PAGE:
Landscape professionals will often ask us whether they should charge clients for consultation and landscape design. It’s true that some clients may question charging them for consultation visits when “every other landscape company comes out for free.” We suggest that the smartest landscape business owners understand how charging your clients for consultation and design will better serve the client and final results of your work together, while generating more revenue for you in the long run.
How often do we hear the phrase, “You can’t put a price on experience?” As true as this may be across many aspects of life, when it comes to the treasure trove of professional knowledge you carry, you can–and should–put a price on the experience you bring to solving your clients’ landscaping issues.
Of course, there will always be tokens that you can offer to clients or add onto contracts at no charge, but these should be the exception and not the rule. Why? Here are the key points to remember.
Charging for consultation communicates your value to the client.
It’s crucial to communicate your value to prospects very early in the sales process. If you simply give away high-level information in the beginning stages, you are setting up the prospect to believe that much of the work of creating and maintaining their landscape vision can be had for free. This expectation on the part of the client will only lead to more headaches for you as you fight against them for the duration of the contract. It is much better for your bottom line, and your own well-being, to set the expectation that you are a highly skilled professional whose expertise is worth paying for. And, this reduces or eliminates the potential that you will harbor any resentment for your misguided generosity.
Create your paid consultation opportunity via a complimentary initial phone call.
A high-level, information-driven phone call or video chat is a great complimentary sales strategy. Ask the prospect for their address, a list of 1-3 things they’d like to accomplish, their timeline, and perhaps a preliminary budget along with some photos of the site.
Then, in the course of a 20-minute phone call or video chat, dive deeper into their situation and share as much information as you can given the facts they’ve provided to you. Yes, you are selling yourself to the client, but you are also gauging whether they are the right client for you.
At this point, all you’ve committed is the time spent on the phone call. You haven’t traveled, used any equipment or materials, committed employee time, or invested any resources other than your own expertise and interest in them as a potential client.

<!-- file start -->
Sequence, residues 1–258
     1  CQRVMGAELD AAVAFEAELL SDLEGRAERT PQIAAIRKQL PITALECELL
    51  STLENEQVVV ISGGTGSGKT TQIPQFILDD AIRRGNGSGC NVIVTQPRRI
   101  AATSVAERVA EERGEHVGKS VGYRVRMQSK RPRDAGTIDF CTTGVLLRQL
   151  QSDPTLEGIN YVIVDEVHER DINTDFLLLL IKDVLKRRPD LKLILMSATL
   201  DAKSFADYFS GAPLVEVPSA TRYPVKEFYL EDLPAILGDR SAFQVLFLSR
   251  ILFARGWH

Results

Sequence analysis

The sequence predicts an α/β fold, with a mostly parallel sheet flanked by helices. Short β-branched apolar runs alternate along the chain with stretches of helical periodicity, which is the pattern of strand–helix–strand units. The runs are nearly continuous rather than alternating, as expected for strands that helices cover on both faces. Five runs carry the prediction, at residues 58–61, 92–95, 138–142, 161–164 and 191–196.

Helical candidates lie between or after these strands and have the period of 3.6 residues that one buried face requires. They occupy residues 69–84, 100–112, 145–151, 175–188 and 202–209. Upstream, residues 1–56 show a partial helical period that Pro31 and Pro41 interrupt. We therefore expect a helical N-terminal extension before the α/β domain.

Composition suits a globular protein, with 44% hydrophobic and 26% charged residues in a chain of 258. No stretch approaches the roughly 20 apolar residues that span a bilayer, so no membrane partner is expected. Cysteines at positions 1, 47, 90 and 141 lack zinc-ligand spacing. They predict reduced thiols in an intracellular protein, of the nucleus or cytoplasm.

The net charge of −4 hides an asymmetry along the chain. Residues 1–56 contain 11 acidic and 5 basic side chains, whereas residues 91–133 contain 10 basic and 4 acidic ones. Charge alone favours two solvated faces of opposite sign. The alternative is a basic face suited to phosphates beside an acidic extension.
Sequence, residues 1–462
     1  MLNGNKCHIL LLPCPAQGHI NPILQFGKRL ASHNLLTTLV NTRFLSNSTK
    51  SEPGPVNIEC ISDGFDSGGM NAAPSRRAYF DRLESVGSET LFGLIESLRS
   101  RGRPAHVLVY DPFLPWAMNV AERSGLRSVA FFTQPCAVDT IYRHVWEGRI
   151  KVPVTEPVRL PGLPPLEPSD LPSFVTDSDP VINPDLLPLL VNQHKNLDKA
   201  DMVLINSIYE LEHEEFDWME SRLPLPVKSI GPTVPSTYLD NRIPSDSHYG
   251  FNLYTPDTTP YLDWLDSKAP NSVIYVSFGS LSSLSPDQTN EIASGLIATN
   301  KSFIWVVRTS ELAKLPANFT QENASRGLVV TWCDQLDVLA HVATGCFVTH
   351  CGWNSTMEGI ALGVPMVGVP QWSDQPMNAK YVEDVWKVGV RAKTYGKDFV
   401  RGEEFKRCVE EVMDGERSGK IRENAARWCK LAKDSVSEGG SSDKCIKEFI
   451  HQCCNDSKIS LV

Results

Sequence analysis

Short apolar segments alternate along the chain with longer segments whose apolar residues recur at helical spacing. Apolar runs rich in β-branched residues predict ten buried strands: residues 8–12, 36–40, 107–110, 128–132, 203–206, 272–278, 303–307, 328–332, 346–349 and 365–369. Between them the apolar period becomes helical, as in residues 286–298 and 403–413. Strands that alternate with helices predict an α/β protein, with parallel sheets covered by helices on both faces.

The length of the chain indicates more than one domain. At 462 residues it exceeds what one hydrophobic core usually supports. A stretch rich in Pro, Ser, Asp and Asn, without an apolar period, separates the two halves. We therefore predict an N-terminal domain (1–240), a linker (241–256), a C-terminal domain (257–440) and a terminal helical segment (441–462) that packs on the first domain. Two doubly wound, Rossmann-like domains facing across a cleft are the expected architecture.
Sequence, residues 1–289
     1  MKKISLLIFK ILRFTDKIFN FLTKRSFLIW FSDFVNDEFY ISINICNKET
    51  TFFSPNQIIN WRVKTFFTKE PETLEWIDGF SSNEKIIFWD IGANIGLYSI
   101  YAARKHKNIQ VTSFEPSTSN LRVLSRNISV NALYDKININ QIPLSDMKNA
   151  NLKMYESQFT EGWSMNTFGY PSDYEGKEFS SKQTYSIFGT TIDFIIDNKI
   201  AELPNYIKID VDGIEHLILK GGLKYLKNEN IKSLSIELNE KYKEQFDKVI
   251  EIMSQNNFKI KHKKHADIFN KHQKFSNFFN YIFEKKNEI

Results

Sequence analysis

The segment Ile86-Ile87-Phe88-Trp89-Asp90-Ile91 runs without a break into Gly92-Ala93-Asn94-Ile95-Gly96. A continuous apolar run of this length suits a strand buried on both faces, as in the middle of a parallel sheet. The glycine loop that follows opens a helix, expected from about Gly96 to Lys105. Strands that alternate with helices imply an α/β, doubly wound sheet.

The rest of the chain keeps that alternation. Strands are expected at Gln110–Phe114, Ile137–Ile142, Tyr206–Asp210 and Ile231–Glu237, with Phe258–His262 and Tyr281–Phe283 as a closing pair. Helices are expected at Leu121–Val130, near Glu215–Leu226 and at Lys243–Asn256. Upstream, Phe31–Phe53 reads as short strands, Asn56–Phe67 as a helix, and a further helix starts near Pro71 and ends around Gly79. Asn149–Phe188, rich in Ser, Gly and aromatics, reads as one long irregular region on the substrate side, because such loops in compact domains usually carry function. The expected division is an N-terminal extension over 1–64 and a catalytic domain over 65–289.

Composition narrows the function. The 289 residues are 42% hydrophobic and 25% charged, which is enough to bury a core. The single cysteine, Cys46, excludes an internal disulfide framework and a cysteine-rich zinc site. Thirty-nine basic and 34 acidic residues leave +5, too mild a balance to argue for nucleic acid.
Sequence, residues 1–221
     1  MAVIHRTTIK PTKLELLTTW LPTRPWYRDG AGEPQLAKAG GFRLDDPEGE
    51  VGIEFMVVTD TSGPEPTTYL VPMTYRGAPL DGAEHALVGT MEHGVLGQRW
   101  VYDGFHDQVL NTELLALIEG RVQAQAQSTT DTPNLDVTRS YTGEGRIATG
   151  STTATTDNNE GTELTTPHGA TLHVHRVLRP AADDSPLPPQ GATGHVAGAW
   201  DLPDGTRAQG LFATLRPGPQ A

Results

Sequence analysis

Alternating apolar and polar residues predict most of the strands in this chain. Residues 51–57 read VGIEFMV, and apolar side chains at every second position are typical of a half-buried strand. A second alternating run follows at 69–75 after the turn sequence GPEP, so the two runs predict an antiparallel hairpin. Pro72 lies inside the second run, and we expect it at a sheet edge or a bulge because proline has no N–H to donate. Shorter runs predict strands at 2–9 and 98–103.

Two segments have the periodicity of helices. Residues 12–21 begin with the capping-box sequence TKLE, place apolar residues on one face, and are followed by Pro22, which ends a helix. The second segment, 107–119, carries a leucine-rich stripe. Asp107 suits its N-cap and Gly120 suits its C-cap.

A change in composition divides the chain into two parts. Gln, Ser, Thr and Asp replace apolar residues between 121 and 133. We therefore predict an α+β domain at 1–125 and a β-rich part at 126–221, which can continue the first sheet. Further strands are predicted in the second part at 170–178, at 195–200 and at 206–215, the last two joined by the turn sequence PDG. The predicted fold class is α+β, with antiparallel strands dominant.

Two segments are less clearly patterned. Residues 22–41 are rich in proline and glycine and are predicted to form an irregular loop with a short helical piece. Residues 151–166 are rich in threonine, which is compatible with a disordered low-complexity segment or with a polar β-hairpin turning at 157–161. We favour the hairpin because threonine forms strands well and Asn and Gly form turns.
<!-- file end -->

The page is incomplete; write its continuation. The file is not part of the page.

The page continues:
Turn this “give and get” sales call Into a win-win
By the end of this initial call, you’ve given enough high-level information to the client that they understand the value you bring. Some of the information you’ve provided may be actionable, but most will require more knowledge and exploration from you. The client should understand clearly at this point how they will get more by hiring you. This is effectively your first sales call.
Your energy and excitement at the prospect of working with them should be clear on this call. This is where you ask for the sale (albeit a low-level one) of an in-person, on-site consultation lasting 1-2 hours.
Be clear on your consultation deliverables.
Before completing the on-site consultation, communicate to the client verbally (and follow up in writing) about exactly what you will be doing as part of the consultation process.
When I provide a consultation, I assess the land as it is now and the client’s desire for something different or a problem they’d like to solve. I assess the gap between what the client has and what they want, and I give them actionable ideas for how they can close that gap.
Deliverables such as a report, design or proposal should not be included until a new arrangement is agreed to in a second round of negotiation which could happen at the wrap up of the first engagement. Don’t leave it to chance.
Once someone has paid you a little, you’ve opened the door to them paying you more.
Prospective clients should be able to obtain a consultation with you for relatively short money. In return, you give them a great deal of value. There’s no need to hold anything back, because you are working to earn their business. In my experience, more than 80% of the time, the people you consult with will want to hire you to do more. Keep in mind that doing everything you suggest isn’t the end goal. The best outcome is that you can provide the next level of service that fits their timeline, budget, and need so you both feel like there’s been a win/win and you’ve started down the right path of developing a working relationship.
Set the expectation that you are a highly skilled professional whose expertise is worth paying for, and discover the benefits to your well-being and your bottom line. #knowyourvalue #landscapedesign #landscapecontractor
Never forget that as a landscape professional, you bring immense relief to homeowners and businesses. Taking care of a landscape is hard work, as we know; it’s multifaceted and ever-changing in relation to the economy and environment. Most people do not have the time or bandwidth to do it well–and many don’t even have the interest.
Always see yourself —and value yourself—as the professional you are, and pay yourself for the time, effort, and years you’ve put into learning your craft.